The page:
By Gloria Johnson, Trust Administrator
In a desire to eliminate paper clutter, do you have bills and statements come to you online? It is wonderful when you have less paperwork to sort through, file, or dispose of, but what if something happens to you? What if you have an unexpected, extended trip to the hospital, rehab or worse? Will your family members or trustee be able to keep your home running smoothly and your bills paid? Although, it is important to have passwords secure, it is also important to have a backup plan if some unexpected bump in the road causes you to be unable to maintain your daily routine.
Do you know where your will, trust documents, power of attorney documents, life insurance policies, titles to the vehicles, boat, RV, or any other personal property are located? If they are securely kept in a safe, who else would have access to them? Who else has access to your safety deposit box? You may not want your family members knowing your financial matters, but it is important for someone to have access if necessary. Let’s say you happen to have an investment in a DRIP (Dividend Reinvestment Plan). If all correspondence from this plan goes to your e-mail, would a family member be able to access your e-mail to even know the plan exists? What about that little credit union account you inherited from your parent and left as a rainy day fund? Now that you have eliminated the extra paperwork, it’s important to have a list of assets.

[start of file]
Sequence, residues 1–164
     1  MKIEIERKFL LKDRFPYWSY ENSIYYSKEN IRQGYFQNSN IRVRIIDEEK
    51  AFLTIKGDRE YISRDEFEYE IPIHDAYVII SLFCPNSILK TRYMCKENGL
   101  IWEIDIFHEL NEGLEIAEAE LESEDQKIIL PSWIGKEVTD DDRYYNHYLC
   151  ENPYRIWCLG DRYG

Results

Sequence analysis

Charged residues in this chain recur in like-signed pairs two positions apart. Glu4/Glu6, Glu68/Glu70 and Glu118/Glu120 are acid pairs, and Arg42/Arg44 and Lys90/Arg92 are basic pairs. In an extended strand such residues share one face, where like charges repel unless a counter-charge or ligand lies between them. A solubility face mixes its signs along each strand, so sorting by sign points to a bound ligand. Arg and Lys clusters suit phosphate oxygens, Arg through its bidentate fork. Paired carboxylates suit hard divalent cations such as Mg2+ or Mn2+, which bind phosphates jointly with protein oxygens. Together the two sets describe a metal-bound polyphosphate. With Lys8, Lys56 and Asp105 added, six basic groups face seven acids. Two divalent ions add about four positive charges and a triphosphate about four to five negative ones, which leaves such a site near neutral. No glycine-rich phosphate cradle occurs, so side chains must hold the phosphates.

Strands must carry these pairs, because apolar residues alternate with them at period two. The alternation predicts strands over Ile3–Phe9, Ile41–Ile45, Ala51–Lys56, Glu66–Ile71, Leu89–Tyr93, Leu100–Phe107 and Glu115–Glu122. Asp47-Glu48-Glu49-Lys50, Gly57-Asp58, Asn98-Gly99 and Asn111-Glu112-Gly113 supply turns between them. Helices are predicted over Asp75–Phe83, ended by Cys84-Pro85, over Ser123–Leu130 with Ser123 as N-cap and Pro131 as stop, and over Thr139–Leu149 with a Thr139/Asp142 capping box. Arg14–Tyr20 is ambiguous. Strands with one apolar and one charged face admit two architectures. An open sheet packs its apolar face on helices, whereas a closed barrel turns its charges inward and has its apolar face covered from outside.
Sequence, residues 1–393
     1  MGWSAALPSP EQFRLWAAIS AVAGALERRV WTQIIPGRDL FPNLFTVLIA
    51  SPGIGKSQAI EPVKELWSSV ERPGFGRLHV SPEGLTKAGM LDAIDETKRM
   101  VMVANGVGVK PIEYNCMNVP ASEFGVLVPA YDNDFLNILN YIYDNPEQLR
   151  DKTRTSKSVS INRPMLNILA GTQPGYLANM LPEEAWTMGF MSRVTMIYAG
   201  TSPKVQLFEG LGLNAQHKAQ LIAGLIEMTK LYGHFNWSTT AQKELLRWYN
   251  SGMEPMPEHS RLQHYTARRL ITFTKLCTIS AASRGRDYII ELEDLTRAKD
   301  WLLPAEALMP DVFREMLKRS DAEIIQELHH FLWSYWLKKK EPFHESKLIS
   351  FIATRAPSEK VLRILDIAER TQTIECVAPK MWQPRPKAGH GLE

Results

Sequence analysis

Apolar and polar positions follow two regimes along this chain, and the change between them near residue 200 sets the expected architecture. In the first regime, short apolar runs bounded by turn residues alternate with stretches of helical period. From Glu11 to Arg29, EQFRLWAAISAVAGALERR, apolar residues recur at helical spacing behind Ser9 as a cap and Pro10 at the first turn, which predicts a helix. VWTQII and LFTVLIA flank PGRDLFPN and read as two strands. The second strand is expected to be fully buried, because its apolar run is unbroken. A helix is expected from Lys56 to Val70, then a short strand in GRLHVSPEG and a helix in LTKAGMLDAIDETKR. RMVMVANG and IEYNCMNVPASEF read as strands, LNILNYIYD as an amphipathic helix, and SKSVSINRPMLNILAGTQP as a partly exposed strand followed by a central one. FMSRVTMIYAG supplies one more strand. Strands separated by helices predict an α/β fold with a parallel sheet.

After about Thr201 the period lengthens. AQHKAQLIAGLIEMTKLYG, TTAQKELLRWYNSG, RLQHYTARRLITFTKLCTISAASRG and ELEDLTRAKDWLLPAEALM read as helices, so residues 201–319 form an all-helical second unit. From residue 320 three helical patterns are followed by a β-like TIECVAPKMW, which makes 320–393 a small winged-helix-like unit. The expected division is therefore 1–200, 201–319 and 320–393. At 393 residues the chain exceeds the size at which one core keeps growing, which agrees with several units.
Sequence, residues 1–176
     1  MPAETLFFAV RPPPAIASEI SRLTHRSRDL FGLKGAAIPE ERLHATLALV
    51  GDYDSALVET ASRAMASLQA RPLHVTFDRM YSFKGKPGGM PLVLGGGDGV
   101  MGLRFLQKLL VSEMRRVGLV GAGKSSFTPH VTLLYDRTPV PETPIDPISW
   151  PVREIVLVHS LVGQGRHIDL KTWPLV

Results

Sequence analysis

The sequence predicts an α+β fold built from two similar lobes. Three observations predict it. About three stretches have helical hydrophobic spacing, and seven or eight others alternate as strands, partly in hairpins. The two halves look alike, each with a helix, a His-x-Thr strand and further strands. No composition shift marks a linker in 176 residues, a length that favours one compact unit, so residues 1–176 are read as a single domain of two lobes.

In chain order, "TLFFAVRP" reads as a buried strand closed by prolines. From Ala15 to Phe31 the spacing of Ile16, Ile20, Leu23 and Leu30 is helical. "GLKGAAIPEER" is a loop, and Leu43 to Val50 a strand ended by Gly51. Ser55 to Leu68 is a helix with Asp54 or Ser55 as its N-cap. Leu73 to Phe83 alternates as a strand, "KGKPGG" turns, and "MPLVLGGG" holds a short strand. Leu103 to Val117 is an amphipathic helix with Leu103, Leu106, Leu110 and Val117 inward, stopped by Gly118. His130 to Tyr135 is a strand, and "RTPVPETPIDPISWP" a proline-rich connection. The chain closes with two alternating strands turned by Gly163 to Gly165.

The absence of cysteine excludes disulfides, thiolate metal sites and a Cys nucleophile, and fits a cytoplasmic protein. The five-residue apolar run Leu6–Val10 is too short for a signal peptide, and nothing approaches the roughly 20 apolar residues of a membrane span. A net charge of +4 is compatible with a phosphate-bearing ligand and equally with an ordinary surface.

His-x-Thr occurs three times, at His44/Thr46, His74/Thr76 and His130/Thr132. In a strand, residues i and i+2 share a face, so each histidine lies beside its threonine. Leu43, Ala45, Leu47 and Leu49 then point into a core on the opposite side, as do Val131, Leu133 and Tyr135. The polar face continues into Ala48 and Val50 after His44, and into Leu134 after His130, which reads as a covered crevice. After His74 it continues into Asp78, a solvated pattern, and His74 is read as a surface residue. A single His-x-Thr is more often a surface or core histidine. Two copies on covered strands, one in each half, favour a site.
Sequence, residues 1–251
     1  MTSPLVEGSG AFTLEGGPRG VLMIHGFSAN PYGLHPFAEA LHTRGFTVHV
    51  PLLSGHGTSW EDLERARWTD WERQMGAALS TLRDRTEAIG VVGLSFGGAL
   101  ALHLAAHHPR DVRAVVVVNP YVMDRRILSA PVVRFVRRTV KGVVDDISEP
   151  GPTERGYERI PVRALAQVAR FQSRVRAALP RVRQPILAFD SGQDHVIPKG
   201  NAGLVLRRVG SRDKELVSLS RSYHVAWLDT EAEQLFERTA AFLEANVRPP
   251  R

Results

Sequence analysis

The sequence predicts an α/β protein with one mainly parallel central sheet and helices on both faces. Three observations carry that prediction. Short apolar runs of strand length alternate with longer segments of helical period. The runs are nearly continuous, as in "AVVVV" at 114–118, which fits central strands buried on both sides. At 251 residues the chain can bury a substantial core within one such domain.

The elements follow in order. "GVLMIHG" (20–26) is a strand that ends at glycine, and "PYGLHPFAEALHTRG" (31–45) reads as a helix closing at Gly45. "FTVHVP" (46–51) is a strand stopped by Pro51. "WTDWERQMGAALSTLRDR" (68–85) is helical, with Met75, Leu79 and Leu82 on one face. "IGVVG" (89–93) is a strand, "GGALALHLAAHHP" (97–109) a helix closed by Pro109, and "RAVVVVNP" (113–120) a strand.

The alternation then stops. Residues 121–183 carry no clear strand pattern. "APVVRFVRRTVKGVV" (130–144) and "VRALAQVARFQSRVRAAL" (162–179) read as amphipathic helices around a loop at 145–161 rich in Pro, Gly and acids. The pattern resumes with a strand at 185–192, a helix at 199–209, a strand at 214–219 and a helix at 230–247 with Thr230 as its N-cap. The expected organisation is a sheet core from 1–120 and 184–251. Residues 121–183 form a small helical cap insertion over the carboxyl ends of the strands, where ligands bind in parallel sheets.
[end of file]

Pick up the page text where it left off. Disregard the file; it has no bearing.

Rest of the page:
I think most of us have a little stash of cash in the house in case a neighbor kid comes selling cookies or some other item for a fundraiser. Is that cash tucked away securely in your sock drawer inside the brown argyle socks that you never wear anyway? That’s great, but if someone cleans out your sock drawer, will they know not to toss that pair or donate it to the local clothing drive? Maybe that cash is inside your copy of Gone With the Wind? My mother kept cash in the freezer. My siblings and I knew to look for cash in the freezer, but if your freezer goes out and everything spoils and must be tossed do you think someone else going through the freezer will watch for the non-smelly container of cash?
While we are thinking along those lines, have you checked your beneficiary information on your IRAs, retirement plans, or life insurance lately? You may have thought it was a great idea to have your grandchild as the beneficiary, but now that you have additional grandchildren, have you kept that information up o date?
Central Trust Company has a wonderful tool called a “Personal Family Letter” that helps keep track of items such as these. Your Relationship Manager also has a file for each of our clients that we keep securely locked with important information like those addressed here. Do yourself and your family a favor by taking a few minutes to make sure you have documented passwords and investment information. What you will be able to document in a few hours will ensure nothing is overlooked down the road.